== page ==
Author: Emma Newman
Published: 5 November 2015
Renata Ghali believed in Lee Suh-Mi’s vision of a world far beyond Earth calling to humanity. A planet promising to reveal the truth about our place in the cosmos, and untainted by overpopulation, pollution, and war. Ren believed in that vision enough to give up everything to follow Suh-Mi into the unknown.
More than twenty-two years have passed since Ren and the rest of the faithful braved the starry abyss and established a colony at the base of an enigmatic alien structure where Suh-Mi has since resided, alone. All that time, Ren has worked hard as the colony’s 3-D printer engineer, creating the tools necessary for human survival in an alien environment, and harboring a devastating secret.
Ren continues, for the good of her fellow colonists, to perpetuate the lie that forms the foundation of the colony, despite the personal cost. Then a stranger appears, far too young to have been part of the first Planetfall, a man who bears a remarkable resemblance to Suh-Mi.
The truth Ren has concealed since Planetfall can no longer be hidden. And its revelation might tear the colony apart…
Many will already be familiar with Emma Newman through her Split Worlds trilogy (a fantastic tale of fae and feminism in Bath – seriously, check it out and thank me later) but if you’re expecting more of the same with Planetfall, then buckle up because you’re in for one hell of a surprise.
In Planetfall, Newman has created an incredibly well imagined world, alien from our own, but home to a small community of colonists. Planetfall is full of highly original but plausibly well thought through science-fiction concepts; taking existing technology and flying with it, this is a world in which you can print your own self-sustaining home in a day, or send instant messages via an implanted interface.
The alien backdrop only serves to highlight how similar people and the communities they build are everywhere. For all the technological marvels Ren and her colony have mastered, and all the light years they have travelled, there is no escaping themselves. From the very beginning, it’s clear that something is rotten in Planetfall; an underlying cancer of deceit and obsession, initially only hinted at, which is slowly but surely consuming the community.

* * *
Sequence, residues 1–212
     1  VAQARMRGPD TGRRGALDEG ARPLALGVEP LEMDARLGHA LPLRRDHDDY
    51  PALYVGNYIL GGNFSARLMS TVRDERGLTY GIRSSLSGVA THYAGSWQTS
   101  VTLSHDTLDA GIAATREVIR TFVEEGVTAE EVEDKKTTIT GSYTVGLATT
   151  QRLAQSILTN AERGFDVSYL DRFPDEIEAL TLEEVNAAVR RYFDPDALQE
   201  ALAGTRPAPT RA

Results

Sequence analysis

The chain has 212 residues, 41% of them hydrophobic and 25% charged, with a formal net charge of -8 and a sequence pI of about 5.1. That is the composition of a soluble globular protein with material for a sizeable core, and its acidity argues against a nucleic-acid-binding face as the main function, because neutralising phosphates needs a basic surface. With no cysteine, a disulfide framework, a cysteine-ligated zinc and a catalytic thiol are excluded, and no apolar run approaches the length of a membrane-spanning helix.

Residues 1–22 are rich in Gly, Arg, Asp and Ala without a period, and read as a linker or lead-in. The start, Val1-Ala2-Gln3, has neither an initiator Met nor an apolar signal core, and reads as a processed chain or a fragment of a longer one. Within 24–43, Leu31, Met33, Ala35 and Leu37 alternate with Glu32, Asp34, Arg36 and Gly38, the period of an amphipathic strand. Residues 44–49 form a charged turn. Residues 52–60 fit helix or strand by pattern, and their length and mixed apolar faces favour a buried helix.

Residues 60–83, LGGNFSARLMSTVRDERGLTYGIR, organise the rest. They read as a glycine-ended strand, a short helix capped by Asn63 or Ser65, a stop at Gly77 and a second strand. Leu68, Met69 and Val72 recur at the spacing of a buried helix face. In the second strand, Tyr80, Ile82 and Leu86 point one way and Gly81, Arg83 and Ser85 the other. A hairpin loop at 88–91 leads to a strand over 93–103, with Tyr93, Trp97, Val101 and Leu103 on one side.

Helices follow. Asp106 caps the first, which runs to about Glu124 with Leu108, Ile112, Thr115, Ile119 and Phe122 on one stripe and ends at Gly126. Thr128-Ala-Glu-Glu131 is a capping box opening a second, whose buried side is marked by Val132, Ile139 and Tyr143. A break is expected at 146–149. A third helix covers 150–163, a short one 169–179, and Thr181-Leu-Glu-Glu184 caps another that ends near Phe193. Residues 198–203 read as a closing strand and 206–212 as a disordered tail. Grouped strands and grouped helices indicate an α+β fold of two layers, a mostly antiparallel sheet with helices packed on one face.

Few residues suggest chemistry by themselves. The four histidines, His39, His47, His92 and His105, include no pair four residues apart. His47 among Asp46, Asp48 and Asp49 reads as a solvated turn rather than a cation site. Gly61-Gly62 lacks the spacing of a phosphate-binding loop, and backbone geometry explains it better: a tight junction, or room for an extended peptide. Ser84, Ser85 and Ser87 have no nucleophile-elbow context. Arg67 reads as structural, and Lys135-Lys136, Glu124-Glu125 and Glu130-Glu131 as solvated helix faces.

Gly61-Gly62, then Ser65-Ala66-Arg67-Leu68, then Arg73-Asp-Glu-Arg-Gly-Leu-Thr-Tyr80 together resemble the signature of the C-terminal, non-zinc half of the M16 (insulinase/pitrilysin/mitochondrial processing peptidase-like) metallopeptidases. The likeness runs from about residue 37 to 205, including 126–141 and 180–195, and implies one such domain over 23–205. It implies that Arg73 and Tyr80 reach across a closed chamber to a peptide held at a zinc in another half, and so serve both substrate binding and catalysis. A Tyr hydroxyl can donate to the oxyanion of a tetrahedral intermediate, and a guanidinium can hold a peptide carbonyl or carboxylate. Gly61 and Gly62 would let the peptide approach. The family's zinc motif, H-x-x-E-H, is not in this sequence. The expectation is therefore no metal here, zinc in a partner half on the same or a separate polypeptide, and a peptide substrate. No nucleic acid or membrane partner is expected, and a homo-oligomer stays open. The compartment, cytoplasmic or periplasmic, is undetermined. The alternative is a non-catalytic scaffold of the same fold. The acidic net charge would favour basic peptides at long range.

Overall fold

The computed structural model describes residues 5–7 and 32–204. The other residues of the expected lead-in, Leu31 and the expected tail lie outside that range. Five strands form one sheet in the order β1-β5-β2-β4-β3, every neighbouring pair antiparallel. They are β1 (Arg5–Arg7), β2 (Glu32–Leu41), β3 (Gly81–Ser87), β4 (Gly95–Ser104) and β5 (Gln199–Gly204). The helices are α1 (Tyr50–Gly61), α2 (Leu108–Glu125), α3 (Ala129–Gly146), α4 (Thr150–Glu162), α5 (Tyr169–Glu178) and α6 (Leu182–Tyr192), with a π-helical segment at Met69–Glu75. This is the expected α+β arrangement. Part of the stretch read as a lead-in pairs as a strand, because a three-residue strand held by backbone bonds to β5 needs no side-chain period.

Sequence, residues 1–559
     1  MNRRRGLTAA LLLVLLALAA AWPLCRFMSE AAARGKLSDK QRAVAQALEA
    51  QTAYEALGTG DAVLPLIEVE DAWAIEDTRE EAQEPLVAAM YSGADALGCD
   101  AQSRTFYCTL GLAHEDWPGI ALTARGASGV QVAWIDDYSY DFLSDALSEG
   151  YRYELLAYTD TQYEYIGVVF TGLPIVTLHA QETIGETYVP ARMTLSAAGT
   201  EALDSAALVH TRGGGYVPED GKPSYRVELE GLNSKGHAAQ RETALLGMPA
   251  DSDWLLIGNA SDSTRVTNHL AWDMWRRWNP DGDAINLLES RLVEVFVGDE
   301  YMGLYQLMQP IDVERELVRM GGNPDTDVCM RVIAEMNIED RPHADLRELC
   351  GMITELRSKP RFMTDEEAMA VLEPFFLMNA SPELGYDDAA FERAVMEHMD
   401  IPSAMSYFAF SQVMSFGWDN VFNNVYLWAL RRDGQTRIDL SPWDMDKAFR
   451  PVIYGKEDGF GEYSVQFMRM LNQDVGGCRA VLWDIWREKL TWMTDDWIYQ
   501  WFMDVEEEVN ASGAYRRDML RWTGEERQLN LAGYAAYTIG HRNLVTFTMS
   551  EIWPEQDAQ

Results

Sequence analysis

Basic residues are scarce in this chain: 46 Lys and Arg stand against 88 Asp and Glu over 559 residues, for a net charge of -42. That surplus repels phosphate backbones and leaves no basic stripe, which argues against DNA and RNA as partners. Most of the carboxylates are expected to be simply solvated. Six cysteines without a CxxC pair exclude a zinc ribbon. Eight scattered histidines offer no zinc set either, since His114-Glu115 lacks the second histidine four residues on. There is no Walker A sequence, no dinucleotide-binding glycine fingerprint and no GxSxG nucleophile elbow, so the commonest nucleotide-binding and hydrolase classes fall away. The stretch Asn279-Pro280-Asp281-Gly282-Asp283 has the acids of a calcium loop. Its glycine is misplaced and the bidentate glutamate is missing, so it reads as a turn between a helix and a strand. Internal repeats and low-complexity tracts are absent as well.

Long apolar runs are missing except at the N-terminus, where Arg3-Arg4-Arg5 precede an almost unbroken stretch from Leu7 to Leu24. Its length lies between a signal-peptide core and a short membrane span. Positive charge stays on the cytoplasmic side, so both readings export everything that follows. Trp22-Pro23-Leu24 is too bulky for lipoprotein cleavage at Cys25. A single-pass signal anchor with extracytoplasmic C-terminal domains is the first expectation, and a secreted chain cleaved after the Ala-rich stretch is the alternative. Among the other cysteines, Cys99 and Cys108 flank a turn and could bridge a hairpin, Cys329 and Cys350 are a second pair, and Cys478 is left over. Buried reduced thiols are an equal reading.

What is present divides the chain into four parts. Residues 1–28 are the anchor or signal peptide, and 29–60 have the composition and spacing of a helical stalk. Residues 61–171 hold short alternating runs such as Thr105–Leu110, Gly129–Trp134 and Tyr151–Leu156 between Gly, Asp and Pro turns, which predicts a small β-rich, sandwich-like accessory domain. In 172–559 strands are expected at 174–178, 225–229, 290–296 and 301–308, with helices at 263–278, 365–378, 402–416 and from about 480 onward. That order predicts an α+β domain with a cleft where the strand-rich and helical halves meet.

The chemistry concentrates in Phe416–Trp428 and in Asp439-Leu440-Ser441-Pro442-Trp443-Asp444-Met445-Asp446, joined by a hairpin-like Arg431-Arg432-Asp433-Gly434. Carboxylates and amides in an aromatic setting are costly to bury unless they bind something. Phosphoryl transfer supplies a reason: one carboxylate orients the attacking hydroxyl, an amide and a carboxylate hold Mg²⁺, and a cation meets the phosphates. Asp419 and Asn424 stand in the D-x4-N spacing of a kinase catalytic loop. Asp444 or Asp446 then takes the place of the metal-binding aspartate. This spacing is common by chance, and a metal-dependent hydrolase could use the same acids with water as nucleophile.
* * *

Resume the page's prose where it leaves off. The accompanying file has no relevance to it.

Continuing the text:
Our protagonist, Ren, is wonderfully compelling, secretive to the point of being sinister. She refuses to let anyone in either literally or figuratively, but struggles with the twin burdens of acting in the colony’s best interests and essentially grieving for Suh-Mi, who she followed out of love but has not seen since the first day they arrived.
The sense of wrongness becomes increasingly apparent with the sudden and shocking arrival of Sung-Soo, staggering half-dead out of a barren wasteland, making what seem to be impossible claims about his life. The rest of the colony believe him to be some kind of sign from Suh-Mi, who was largely looked upon as a kind of divine Prophet while on Earth, and now in her absence has achieved an almost god-like status. This exploration of faith and the psychological importance of ritual to support belief is particularly fascinating given that religion and science are so often seen as mutually exclusive; yet here, the colonists’ faith in Suh-Mi and her mission has formed the foundation of their community.
Sung-Soo’s arrival causes this foundation to crack. While ostensibly vulnerable and even kind, Ren’s uncertainty about whether he has a hidden agenda casts a cloud which renders him intriguingly ambiguous. Everything he does, whether it’s asking questions about Suh-Mi and the settlement, or inserting himself into Ren’s personal life, could be seen as either a sign that he is not what he seems, or that Ren and Mack (the colony’s leader, and the closest thing Ren has to a confidante) are themselves not to be trusted. Things come to a head when a small faction in the colony push for Sung-Soo to carry out a holy ritual which forms their only contact with Suh-Mi, and Ren begins to crack under the pressure of the secrets she is keeping.
While written in the first person, there is never the sense that Ren is an unreliable narrator or intentionally holding back from the reader, but rather that she is holding back from herself and half remembered horrors which she has compartmentalised and walled up in her mind. She gradually reveals her secrets as she is forced to face her own fears.
Planetfall is a brilliantly gripping psychological study of the ties that bind a diverse community together, of spirituality and science, love, loss, and the price of keeping up a pretence over a long period of time. Slowly unfurling its layers of lies until the worm in the bud is revealed, Planetfall is a story to be slowly savoured, a sublime mix of science fiction and faith. This is what Prometheus wishes it was.
Planetfall confirms Newman as one of the most versatile, talented and thoughtful voices currently in science fiction and fantasy. I can’t wait to see what she does next.
Reviewer: Michaela Gray